The resource also contains a trainer's toolkit for each module, with slides and activities that can be done in a workshop setting. This makes the resource ideal for teachers and facilitators who work in community organizations, educational institutions, or for employers who wish to provide training to their employees.
Your Financial Toolkit will be free, and available in French and English in both printed and online formats—which learners will be able to use separately or in combination. Stay tuned for more information coming this fall!
Your Future Self targets the general public and focuses on what your “future self” would tell you about the financial decisions that you are about to make or have made. Would your future self tell you to save 10 percent rather than spend your entire paycheque? Would your future self encourage you to track your spending or start a budget? Your Future Self brings together a series of emails to help you explore, learn, and put into place some sound financial practices. Check out www.yourfutureself.ca for important information on saving and investing.
I'm Worth It is a financial resource program for women. The resource provides women with information and tips on how to manage their finances, focusing on the real-life stories, struggles and successes of a variety of Manitoba women. I'm Worth It covers a wide range of topics concerning money management, such as understanding your values and motivations, money and relationships, and making the most of your money—through smart shopping, budgeting, choosing a financial advisor and saving for your future. The program consists of a resource guide, mobile app, videos, lesson plans and a budgeting spread sheet. To order or download free copies of the materials, visit www.imworthit.ca.
The Autorité des marchés financiers' (AMF) website features a dedicated section for financial literacy experts. This new micro-website allows organizations working in financial literacy in the province of Quebec to share information regarding their financial literacy initiatives. The website features publications and tools, as well as research and surveys conducted by the AMF and its partners. Links to international financial literacy websites are also provided.
Partners can contribute to the monthly newsletter by writing short articles that keep the network up to date with their financial literacy initiatives.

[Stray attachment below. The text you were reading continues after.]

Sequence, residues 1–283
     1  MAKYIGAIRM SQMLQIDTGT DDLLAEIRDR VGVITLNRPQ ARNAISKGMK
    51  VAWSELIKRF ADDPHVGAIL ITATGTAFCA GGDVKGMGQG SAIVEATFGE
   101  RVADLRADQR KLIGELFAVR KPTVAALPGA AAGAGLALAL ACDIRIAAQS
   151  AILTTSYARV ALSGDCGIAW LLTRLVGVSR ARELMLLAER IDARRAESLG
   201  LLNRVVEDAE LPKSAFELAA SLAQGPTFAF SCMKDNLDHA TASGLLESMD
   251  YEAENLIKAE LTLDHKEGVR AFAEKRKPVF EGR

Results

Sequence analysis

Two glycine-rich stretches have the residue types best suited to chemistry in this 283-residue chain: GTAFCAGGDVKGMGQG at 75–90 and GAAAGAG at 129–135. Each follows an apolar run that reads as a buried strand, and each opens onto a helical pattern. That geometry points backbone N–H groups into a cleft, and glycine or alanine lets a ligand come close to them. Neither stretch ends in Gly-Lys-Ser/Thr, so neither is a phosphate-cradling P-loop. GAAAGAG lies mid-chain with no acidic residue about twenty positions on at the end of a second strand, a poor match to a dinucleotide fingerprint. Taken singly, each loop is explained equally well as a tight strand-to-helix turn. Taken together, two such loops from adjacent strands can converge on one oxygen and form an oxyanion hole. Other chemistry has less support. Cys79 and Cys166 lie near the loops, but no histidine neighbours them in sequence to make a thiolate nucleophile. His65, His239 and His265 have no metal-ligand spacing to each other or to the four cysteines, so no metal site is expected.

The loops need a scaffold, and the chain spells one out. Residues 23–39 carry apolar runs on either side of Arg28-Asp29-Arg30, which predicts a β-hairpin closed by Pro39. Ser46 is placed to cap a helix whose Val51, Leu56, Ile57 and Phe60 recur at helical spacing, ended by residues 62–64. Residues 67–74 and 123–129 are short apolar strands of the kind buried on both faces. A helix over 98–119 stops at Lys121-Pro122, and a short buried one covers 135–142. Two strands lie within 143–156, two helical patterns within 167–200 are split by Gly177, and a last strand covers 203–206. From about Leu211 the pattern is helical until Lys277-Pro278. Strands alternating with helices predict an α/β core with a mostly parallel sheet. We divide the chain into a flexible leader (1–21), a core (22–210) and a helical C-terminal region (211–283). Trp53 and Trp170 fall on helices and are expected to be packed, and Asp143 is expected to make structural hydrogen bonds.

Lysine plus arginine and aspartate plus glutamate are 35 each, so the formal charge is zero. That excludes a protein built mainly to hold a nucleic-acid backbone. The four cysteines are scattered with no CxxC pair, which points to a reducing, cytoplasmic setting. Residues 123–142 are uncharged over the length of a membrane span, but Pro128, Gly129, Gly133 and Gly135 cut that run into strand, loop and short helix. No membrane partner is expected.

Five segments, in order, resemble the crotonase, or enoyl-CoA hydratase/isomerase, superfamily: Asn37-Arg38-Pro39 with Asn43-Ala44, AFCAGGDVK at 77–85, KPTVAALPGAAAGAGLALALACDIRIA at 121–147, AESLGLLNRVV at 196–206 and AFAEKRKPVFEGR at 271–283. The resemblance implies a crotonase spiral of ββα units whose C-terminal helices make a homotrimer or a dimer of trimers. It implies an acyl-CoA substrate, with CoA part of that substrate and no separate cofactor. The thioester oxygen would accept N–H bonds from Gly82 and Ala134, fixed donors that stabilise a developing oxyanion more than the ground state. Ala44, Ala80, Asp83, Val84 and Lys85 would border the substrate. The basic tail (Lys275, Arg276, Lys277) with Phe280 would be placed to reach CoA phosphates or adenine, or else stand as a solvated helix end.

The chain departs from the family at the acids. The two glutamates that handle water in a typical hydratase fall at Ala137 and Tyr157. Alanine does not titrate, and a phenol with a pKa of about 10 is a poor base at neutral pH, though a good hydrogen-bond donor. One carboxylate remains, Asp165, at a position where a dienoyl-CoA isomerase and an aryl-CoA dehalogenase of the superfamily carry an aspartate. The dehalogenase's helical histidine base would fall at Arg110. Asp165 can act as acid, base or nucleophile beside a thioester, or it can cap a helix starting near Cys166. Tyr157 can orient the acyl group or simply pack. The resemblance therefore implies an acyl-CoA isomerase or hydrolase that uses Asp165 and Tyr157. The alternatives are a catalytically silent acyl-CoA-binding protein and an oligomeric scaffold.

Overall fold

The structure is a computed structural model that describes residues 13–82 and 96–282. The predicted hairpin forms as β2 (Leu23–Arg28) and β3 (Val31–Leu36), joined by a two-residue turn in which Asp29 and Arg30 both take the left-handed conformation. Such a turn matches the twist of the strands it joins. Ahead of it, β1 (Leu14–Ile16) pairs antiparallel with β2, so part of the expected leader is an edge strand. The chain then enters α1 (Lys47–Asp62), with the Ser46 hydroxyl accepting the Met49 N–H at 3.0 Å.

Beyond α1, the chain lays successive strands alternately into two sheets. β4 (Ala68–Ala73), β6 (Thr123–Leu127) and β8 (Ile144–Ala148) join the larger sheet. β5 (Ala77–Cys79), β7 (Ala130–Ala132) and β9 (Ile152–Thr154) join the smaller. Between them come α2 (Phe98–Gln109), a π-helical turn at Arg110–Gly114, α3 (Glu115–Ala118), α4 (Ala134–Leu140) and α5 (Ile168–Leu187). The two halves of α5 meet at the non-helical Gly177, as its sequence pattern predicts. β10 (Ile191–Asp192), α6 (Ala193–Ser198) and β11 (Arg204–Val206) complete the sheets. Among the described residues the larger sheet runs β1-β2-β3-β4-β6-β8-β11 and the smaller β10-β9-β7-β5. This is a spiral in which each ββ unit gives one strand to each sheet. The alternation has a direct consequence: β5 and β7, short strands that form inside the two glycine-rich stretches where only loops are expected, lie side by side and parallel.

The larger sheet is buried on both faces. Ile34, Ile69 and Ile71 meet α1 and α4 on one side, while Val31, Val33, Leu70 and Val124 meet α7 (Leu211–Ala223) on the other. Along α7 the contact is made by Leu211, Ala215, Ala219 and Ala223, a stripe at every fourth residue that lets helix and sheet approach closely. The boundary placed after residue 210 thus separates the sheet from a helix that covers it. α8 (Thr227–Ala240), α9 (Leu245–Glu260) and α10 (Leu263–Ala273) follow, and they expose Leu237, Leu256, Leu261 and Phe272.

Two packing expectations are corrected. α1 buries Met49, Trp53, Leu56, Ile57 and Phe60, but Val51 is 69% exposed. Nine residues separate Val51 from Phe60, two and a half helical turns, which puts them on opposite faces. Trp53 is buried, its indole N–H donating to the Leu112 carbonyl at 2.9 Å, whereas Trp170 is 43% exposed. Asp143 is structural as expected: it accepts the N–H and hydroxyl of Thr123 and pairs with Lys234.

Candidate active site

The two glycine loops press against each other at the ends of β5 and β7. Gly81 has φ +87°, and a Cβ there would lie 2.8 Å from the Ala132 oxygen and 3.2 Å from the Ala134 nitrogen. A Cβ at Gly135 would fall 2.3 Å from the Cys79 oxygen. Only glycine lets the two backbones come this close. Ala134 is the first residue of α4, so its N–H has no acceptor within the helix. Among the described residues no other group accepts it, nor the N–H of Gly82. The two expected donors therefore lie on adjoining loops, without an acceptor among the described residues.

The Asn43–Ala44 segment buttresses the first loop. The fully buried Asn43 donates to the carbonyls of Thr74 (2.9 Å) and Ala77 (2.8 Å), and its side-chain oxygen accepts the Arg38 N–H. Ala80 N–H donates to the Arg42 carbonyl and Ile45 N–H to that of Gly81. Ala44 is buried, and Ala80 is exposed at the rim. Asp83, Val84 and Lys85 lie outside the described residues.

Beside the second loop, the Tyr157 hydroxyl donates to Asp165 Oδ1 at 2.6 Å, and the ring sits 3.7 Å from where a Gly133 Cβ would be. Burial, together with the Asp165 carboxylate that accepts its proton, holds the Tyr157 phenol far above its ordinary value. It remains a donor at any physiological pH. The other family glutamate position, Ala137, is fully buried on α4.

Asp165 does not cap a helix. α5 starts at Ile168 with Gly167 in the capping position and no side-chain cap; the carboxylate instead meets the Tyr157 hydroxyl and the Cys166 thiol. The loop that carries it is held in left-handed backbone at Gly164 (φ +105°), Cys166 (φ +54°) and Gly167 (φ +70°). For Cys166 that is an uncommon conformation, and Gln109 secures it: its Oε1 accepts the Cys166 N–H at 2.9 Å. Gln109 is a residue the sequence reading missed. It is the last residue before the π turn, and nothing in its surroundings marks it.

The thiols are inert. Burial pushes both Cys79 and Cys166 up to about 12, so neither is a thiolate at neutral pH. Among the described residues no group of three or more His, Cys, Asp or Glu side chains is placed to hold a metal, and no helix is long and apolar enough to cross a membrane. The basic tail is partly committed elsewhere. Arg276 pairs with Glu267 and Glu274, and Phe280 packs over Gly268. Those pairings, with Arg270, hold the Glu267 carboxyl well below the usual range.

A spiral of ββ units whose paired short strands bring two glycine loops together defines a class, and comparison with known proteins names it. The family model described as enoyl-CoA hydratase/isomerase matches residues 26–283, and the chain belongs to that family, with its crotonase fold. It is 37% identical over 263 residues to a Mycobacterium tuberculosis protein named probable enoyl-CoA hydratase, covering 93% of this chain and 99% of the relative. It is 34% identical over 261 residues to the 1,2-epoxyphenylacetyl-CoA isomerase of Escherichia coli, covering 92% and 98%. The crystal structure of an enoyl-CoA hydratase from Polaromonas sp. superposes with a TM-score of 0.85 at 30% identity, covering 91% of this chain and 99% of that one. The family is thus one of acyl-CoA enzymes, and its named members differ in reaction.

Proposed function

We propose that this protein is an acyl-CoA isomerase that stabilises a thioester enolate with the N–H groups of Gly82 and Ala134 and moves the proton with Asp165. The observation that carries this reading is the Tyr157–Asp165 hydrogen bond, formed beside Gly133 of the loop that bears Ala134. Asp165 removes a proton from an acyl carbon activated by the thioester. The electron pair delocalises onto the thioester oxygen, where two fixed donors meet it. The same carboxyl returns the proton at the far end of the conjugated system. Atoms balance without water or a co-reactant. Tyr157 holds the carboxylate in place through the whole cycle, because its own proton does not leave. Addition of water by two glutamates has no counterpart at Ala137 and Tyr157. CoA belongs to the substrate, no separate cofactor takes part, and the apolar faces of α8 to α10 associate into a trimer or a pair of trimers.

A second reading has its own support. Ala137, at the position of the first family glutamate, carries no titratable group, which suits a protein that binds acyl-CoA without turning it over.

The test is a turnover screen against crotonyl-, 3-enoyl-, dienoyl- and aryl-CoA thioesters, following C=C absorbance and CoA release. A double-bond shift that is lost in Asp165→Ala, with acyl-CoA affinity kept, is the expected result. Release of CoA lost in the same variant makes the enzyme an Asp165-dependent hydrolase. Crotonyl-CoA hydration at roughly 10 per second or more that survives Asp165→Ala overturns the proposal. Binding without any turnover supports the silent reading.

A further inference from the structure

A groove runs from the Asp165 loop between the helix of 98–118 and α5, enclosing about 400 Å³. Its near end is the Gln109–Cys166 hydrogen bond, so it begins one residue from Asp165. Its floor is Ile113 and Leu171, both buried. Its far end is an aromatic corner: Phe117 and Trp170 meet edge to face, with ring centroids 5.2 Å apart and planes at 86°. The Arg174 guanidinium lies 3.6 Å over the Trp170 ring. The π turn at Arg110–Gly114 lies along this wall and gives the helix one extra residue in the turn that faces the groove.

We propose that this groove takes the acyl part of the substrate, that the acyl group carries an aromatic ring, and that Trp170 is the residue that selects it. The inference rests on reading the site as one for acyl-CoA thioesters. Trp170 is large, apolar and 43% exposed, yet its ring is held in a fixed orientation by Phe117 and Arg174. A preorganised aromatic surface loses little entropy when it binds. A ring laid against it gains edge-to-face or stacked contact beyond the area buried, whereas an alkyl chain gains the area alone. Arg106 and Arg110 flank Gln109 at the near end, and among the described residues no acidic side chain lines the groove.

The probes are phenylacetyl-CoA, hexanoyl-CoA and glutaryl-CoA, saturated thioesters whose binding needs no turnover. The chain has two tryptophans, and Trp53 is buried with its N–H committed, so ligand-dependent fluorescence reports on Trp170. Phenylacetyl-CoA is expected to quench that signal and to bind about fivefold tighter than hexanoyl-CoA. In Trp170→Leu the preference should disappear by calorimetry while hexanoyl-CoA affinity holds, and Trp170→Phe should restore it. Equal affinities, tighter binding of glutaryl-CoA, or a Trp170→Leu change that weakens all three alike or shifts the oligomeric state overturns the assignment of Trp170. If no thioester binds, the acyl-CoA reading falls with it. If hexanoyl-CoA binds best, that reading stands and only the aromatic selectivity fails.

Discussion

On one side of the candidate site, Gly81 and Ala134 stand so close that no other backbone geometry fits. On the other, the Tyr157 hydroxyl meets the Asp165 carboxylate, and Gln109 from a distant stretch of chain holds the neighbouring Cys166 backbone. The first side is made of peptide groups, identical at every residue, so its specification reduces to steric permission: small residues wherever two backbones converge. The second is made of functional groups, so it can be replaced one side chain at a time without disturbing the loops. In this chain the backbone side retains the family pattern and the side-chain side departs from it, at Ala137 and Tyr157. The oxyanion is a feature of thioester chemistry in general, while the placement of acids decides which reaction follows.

Finally, the AMF held its third annual meeting on financial literacy in Montreal on March 21. This annual meeting allows the AMF and partners to share ideas, experiences and issues surrounding financial literacy. One of the themes discussed this year was "How to generate interest for financial education."
For more information about the AMF's mandate and activities, please visit: www.lautorite.qc.ca.
L'Académie du Trésor is a non-profit philanthropic organization whose objective is to foster young people's interest in and curiosity about finances, while striving to reduce the dropout rate. It presents a dynamic approach to teaching personal finance management to students aged 10 to 20 living in Quebec's Estrie and Montérégie regions.
Since 2010, l'Académie du Trésor has been developing and offering free training sessions tailored to young people. Its program takes the form of extracurricular activities in public and private elementary schools, high schools and colleges. The training, which varies in length from 15 to 25 hours, is given by volunteer instructors certified by the organization.
Three major themes are addressed at each academic level: making a budget, managing credit properly and learning about investing. Upon graduation, students receive a token whose value is based on the student's test score and course attendance. The token's value is then converted into Académie du Trésor investment fund units. The purpose of the token is to tangibly sustain the students' interest by allowing them to track the value of their units on a weekly basis. Students can build on the concepts they learned in class by managing actual investments.